Someday, somehow, the U.S. Navy would like to run its networks — maybe even own its computers again. After 10 years and nearly $10 billion, many sailors are tired of leasing their PCs, and relying on a private contractor to operate most of their data systems. Troops are sick of getting stuck with inboxes that hold 150 times less than a Gmail account, and local networks that go down for days while Microsoft Office 2007 gets installed … in 2010. But the Navy just can’t quit its tangled relationship with Hewlett-Packard. The admirals and the firm recently signed another $3.3 billion no-bid contract that begins Oct. 1st. It’s a final, five-year deal, both sides promise, to let the Navy gently wean itself from its reliance on HP. But that’s what they said the last time, and the time before that.
It’s become a Washington cliché that the military and the intelligence community rely too much on outside contractors. Everyone from President Obama to Defense Secretary Robert Gates has promised to cut back on Pentagon outsourcing. But the Navy’s ongoing inability to separate itself from Hewlett-Packard – after years of trying – shows how difficult that withdrawal is going to be.
Just to make sure its core networks keep running – to make sure marines and sailors can keep e-mailing each other on Oct. 1st — the Navy is paying Hewlett Packard $1.788 billion. (Insiders say Booz Allen Hamilton, another outside contractor, handled the negotiations with Hewlett-Packard for the military; Booz Allen the firm only “clarif[ied] technical matters within the contract language.”)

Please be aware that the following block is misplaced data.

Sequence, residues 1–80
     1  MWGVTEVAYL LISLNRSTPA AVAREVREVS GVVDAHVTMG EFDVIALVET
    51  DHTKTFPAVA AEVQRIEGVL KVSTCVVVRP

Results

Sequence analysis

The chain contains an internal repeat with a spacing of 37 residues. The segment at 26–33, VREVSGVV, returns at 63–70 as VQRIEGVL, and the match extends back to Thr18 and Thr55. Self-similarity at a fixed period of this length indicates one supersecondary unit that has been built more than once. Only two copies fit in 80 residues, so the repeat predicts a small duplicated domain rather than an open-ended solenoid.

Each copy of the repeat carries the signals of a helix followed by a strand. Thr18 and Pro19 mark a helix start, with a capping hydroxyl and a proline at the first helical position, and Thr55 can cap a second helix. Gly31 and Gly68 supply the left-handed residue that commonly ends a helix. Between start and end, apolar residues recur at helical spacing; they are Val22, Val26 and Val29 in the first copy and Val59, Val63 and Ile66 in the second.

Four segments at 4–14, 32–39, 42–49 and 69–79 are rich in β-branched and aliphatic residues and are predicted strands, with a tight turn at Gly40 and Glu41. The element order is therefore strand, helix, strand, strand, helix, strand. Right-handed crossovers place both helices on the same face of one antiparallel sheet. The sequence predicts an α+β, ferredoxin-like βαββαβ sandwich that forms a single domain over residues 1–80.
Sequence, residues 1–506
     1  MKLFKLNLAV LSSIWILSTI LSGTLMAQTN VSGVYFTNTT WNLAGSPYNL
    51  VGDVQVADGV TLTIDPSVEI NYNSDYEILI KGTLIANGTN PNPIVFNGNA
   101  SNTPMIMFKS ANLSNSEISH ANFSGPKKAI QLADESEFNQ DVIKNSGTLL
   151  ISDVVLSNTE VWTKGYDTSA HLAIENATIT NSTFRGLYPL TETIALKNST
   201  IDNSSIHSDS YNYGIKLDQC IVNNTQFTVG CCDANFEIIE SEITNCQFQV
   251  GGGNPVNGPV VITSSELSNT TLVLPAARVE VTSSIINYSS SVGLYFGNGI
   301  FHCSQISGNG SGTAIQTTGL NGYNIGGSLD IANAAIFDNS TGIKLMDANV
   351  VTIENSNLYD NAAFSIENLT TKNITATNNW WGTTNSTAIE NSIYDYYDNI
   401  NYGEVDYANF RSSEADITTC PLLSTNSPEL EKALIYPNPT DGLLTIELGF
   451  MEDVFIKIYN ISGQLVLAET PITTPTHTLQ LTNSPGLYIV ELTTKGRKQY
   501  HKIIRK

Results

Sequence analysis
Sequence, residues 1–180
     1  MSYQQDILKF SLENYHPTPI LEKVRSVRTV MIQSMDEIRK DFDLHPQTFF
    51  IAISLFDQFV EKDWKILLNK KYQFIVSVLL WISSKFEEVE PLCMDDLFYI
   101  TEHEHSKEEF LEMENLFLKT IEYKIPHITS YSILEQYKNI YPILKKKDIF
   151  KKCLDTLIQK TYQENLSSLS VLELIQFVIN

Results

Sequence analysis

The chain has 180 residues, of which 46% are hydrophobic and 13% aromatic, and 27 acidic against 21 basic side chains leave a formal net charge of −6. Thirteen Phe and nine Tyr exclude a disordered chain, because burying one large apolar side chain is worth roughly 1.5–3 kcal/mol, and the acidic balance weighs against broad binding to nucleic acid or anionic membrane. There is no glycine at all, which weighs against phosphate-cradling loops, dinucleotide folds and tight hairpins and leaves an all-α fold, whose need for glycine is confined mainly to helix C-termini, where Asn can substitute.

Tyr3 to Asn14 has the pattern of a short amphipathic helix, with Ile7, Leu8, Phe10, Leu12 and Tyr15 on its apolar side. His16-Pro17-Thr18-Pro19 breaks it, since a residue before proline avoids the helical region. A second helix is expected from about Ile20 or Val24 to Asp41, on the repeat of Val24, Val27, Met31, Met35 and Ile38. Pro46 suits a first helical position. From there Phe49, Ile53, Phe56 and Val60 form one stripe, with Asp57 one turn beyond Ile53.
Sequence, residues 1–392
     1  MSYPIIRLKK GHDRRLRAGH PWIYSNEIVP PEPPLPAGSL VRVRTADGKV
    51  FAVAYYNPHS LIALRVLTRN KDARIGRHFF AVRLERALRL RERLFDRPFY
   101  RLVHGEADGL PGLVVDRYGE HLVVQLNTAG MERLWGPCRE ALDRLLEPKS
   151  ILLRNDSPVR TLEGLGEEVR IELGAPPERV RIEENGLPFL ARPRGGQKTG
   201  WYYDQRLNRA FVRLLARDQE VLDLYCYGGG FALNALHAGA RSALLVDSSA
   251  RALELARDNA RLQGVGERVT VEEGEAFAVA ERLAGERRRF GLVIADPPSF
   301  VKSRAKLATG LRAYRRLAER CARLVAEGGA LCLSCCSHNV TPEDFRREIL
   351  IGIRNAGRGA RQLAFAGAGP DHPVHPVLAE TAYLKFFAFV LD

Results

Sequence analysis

The service will spend another $1.6 billion to buy from HP the equipment troops have worked on for years, and to license the network diagrams and configuration documents, so that the Navy can begin to plan for a future in which they’re not utterly reliant on HP for their most basic communications. In essence, the Navy is paying to look at the blueprints to the network it has been using for a decade.
“HP is holding the Navy hostage, and there isn’t a peep about it,” one Department of the Navy civilian tells Danger Room. “We basically had two recourses: pay, or send in the Marines.”
The initial idea behind the project, called the Navy Marine Corps Intranet, was to combine a hodgepodge of 15,000 different systems into a single, manageable network. A single IT company, Electronic Data Systems, would own all the gear – from the routers to the servers to the mice – and operate it all for the Navy. That way, the sailors wouldn’t need to count on the military’s Paleolithic purchasing system for their tech. And they’d get the benefit of a proven sysadmin who was smarter, faster, more efficient and more flexible than any lumbering government bureaucracy. Original cost: $4.1 billion for five years.
Since then, NMCI has grown to become the second largest network in the world, trailing only the internet itself. More than 700,000 sailors, marines and civilians on nearly 400,000 computers in 620 locations throughout the United States, Japan and Cuba are connected. NMCI’s 4,100 servers handle more than 2.3 petabytes of data. And, in some ways, the project has to be counted as a success: All those old networks have been merged into one, and that one centrally-controlled network is far easier to operate and secure than the tangled messes you find in most military commands.
But the flexibility the Navy hoped for? Well, let’s just say NMCI operates with all the agility and responsiveness you’d expect from a centrally-managed, self-policing monopoly.
“When our computers are not being crippled by updates, and as long as we don’t have to call the help desk for anything (i.e. we don’t have any computer problems) then NMCI has somewhat stabilized,” another Navy civilian e-mails Danger Room.